Weaving straw, leaves, and reeds is among the oldest of Oaxacan crafts traditions. Mat- and basket-weaving methods and designs go back as far as 5,000 years and are still used today.
The drier regions of Oaxaca are sources of fronds from the dwarf palms that populate the hillsides. In the Mixteca, in places such as Huajuapan de León and Coixtlahuaca and the east side of the Valley of Oaxaca  around Tlacolula , you might see people sitting on a doorstep or at a bus stop or even walking down the street while weaving a petate (mat) or tenate (tumpline basket) of creamy white palm leaf, prized for its soft, pliable texture. All over Oaxaca, nearly everyone uses petates, from vacationers, for stretching out on the beach, to local folks, for keeping tortillas warm and shielding babies from the sun. Tenates have been raised to nearly a fine art in a number of Oaxaca localities, such as San Luis Amatlán, near Ejutla  in the southern Valley of Oaxaca . There, craftspeople interweave dyed fibers with the natural palm, creating attractive, sensitively executed geometric designs.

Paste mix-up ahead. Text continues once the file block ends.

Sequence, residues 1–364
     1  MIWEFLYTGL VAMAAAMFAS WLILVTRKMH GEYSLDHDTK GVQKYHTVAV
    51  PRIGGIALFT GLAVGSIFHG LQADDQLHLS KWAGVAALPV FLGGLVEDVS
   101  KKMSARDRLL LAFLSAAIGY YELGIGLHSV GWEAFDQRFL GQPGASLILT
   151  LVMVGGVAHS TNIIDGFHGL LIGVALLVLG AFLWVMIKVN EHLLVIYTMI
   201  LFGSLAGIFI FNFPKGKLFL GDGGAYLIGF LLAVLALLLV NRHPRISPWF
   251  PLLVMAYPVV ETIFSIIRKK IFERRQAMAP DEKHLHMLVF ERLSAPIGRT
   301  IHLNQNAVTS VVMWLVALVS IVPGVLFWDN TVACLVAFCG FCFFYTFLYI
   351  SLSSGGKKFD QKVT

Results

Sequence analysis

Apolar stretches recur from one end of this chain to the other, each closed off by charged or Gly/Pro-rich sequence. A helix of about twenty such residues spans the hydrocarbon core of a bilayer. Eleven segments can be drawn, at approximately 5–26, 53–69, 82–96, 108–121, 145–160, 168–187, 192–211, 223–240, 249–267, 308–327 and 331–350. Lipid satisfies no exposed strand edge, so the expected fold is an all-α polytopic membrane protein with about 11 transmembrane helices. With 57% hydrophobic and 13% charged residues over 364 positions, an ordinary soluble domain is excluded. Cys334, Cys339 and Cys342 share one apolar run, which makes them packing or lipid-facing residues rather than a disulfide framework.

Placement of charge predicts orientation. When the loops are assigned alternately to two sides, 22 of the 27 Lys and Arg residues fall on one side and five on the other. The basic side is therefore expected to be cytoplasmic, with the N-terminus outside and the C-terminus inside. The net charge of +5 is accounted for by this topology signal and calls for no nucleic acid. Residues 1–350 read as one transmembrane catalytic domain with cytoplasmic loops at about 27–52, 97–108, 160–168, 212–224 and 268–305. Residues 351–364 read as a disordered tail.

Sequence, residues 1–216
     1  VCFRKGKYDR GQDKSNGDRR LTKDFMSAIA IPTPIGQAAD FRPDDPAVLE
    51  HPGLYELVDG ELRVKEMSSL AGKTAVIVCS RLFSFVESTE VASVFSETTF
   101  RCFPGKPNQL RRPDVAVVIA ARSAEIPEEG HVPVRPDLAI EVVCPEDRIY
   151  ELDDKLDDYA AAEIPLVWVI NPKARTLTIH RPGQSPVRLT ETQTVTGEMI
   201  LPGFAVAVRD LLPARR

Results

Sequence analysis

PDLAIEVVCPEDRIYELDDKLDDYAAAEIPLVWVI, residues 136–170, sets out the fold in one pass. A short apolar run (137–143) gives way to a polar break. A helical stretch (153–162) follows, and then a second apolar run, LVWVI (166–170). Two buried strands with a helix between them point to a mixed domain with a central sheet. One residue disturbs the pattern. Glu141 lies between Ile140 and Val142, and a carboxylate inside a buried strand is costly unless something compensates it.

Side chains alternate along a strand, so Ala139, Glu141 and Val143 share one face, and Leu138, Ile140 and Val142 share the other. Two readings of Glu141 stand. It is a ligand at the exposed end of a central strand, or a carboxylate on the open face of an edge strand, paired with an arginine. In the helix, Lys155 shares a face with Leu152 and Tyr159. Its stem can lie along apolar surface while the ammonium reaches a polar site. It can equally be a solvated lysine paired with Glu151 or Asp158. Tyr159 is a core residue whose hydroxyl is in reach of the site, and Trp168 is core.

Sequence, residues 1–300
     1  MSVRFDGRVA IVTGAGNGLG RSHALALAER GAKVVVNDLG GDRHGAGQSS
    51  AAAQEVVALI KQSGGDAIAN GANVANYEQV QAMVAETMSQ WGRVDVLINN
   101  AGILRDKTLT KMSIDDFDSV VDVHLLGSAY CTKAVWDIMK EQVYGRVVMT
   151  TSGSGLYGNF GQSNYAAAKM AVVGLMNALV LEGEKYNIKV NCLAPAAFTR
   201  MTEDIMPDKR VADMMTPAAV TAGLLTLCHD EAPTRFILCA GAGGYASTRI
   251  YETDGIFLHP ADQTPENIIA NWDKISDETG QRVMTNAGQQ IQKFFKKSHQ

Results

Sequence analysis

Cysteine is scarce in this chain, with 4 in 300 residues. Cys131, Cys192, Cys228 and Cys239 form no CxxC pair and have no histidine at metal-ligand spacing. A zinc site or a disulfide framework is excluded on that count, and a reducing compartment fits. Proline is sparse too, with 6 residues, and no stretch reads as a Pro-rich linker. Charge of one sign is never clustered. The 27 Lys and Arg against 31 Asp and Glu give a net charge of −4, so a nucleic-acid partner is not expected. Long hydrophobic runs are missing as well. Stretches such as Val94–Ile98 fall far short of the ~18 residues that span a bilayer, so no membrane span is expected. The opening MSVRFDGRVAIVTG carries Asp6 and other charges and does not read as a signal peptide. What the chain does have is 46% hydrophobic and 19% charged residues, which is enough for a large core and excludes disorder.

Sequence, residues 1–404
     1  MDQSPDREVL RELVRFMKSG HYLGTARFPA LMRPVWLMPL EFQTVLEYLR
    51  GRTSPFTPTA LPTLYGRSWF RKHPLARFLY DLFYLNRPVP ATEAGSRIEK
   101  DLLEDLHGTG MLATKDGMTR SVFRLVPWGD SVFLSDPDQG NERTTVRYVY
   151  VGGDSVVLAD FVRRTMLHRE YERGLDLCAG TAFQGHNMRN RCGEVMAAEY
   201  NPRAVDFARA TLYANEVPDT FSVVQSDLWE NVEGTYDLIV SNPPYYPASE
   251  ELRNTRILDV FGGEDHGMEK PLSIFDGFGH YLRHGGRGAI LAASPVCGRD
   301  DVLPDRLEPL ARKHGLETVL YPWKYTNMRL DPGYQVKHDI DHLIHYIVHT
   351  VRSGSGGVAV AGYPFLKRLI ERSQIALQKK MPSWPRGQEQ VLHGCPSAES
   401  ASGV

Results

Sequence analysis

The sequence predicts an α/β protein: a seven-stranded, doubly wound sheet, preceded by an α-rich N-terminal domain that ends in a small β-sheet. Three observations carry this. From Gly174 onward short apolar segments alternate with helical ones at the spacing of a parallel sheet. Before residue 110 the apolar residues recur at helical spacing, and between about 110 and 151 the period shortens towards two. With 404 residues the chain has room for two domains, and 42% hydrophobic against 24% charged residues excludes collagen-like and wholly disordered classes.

Carrizo, a bamboo-like reed that grows on stream banks all over Oaxaca state, is the source of stronger, more rigid baskets, usually called canastas when they have handles, tenates when they don’t. Well-known Valley of Oaxaca  sources are San Juan Guelavía and Magdalena Teitipac, on the east side, and Santa Ana Zegache near Ocotlán  in the south. Familiar variations include the prized tenate para tortillas, round at the top and tapering to square at the base, and cajas para pájaros (birdcages), sometimes fashioned in two, three, or four levels.
A third important weaving fiber in Oaxaca is ixtle, the dried strands from the leaves of maguey and related agave-family plants. Artisans all over Oaxaca craft ixtle into useful items, such as ropes for pulling, string bags for carrying, and hammocks for relaxing.